That's alright. I was born in the "extremely cynical" category and now that I've lived nearly 30 years, gone to planning school, and worked as a planner for a while I'm way off the charts. I basically never believe anything good is going to happen until I see it, in planning or anywhere else. Having that attitude is kind of nice when you get to see the occasional thing done right and get all excited about it though. ;)

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2009 Maryland Transportation Plan Survey

Help Shape Maryland's Transportation Future!

The Maryland Department of Transportation (MDOT) is updating its Statewide Long-Range Transportation Plan, known as the Maryland Transportation Plan (MTP). What are your thoughts about the future of Maryland's Statewide transportation system?

We encourage you to take 10 minutes to complete this survey. The answers you provide below will be used to shape the State's 20-year vision for transportation in Maryland.

http://www.hshassoc.com/MDOT/takesurvey.html

I took it, its really less then 10 minutes. I recommend all the public transit advocates here check it out, if you haven't already.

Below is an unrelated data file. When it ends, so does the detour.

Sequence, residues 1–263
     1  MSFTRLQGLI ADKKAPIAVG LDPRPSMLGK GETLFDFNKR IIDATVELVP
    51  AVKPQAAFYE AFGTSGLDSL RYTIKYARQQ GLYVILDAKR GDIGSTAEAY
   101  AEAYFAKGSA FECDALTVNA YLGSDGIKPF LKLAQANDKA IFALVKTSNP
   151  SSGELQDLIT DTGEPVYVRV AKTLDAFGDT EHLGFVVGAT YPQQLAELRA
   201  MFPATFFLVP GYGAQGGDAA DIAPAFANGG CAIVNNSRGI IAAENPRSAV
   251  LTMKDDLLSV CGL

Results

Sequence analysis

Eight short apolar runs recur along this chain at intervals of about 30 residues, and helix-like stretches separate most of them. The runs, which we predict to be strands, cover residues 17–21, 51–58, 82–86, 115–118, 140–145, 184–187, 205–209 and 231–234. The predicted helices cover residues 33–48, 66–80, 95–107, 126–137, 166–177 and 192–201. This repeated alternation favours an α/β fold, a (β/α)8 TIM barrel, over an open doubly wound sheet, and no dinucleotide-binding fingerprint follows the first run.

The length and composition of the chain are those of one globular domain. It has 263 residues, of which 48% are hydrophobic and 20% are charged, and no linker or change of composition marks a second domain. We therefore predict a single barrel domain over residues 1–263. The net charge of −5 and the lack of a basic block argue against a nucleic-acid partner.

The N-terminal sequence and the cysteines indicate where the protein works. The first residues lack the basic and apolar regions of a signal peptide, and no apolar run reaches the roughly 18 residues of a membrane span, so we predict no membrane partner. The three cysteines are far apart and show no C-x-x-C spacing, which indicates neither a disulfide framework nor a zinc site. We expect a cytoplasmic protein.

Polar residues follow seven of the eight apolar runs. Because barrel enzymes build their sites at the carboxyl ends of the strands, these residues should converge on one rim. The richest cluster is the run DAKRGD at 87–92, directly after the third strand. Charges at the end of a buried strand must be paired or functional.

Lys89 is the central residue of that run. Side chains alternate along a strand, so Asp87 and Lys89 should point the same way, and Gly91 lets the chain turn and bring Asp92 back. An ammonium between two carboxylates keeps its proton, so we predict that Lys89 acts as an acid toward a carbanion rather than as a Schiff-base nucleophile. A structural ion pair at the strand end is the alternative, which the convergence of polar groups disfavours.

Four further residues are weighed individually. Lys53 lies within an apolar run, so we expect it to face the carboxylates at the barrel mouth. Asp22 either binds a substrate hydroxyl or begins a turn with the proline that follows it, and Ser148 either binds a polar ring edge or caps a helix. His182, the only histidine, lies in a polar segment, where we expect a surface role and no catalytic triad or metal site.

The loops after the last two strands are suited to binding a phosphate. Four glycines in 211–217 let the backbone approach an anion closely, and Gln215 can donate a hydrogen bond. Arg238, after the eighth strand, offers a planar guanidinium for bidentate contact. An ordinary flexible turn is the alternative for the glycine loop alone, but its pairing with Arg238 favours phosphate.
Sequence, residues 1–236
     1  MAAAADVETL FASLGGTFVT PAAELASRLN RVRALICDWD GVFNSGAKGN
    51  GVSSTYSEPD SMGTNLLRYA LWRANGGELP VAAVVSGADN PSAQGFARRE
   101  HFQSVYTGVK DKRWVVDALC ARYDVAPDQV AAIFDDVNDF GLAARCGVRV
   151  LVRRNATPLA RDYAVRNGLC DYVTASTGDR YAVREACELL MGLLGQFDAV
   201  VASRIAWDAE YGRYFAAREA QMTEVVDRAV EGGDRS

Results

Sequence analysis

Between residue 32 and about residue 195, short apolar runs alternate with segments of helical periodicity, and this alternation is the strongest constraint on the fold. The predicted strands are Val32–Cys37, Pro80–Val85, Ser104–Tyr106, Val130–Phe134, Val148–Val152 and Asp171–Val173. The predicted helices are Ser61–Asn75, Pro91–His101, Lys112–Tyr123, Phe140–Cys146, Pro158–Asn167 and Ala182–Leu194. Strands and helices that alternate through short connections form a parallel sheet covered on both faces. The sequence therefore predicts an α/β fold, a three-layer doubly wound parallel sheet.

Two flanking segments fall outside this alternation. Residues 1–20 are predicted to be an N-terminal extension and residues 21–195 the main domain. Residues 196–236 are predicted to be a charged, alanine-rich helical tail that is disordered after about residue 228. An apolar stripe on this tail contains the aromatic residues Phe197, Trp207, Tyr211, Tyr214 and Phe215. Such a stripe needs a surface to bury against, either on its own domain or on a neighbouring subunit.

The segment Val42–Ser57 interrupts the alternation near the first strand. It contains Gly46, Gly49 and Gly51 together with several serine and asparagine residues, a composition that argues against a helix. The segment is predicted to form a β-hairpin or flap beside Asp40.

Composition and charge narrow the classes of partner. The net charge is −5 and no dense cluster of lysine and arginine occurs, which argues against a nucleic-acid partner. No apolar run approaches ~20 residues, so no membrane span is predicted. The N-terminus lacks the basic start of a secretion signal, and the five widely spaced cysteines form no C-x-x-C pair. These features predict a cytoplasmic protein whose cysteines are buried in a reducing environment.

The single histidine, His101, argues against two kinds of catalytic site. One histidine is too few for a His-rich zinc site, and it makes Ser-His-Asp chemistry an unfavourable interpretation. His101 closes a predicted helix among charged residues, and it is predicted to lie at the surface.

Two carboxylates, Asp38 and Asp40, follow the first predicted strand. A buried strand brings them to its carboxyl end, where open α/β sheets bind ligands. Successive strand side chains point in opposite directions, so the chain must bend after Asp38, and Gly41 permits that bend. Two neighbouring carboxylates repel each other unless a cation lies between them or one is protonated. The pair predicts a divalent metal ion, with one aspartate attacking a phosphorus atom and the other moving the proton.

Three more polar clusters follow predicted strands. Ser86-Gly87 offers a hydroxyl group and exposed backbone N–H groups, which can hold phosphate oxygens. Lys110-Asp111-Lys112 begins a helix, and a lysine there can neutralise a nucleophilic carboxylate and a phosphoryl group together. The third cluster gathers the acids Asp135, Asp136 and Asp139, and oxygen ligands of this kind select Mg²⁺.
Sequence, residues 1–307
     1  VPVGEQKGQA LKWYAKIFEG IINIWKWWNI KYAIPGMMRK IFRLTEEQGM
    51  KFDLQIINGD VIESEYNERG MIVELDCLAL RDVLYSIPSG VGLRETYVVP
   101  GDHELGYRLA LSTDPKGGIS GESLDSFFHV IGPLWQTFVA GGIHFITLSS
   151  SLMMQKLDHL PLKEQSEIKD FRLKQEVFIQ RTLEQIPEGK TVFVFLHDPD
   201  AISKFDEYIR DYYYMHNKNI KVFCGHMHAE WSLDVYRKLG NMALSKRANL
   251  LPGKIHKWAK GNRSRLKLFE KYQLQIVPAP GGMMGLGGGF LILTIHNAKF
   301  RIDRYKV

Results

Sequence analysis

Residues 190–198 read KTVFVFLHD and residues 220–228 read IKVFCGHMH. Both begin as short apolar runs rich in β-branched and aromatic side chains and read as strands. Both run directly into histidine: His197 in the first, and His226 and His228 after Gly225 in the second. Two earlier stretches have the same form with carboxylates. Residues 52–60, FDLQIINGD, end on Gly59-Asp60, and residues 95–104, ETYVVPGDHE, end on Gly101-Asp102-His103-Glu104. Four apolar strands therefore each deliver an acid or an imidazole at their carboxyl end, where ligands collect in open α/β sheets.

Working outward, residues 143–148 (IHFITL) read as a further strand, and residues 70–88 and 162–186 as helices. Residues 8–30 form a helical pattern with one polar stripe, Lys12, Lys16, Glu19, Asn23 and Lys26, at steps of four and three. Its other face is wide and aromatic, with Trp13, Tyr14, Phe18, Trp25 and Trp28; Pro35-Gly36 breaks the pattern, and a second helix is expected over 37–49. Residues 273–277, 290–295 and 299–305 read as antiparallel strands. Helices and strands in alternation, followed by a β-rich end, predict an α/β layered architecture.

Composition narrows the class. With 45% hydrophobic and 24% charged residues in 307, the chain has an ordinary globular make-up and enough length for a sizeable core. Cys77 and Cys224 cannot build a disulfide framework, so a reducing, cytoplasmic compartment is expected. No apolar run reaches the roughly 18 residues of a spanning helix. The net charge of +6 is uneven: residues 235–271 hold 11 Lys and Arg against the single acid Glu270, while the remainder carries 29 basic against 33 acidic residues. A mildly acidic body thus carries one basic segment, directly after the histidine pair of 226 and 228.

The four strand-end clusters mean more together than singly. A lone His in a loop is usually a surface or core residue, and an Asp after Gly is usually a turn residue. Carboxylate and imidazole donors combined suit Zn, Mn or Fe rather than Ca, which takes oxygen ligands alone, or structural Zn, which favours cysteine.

I think it works like this: everybody wants it to stop... right after *they* get there... if it was an island, and you had to cross a bridge to get on the island, they'd all say "blow up the bridge... right after *I* cross it..."

Speak for thyself. I've already got a couple of American cities on the list as possible post-grad living destinations. I'd probably become an ex-pat before moving into the burbs.

Oh yeah, links on the first page updated. If anyone has any recommendations, shout 'em out and I'll update. It'd be nice to have one big, organized resource here for any interested so the information is out there.

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Sorry for the double post, everyone, but I found a couple of good articles that shed a lot of light into the relation between public transit and federal funding.

While this first article is from Jan. 2006, it is still quite germane to the issues at hand.

Also, the numbers given in this article (ridership of the subway, Fed requirements) are kosher and line-up with what I was told by various MTA departments, engineering in particular. Note the lack of vision (ie, in terms of expading Baltimore's population and encouraging usage of a potentially developed heavy rail system by county folk) by both the state and Feds, and total skepticism as to Fed support from the MTA's corner.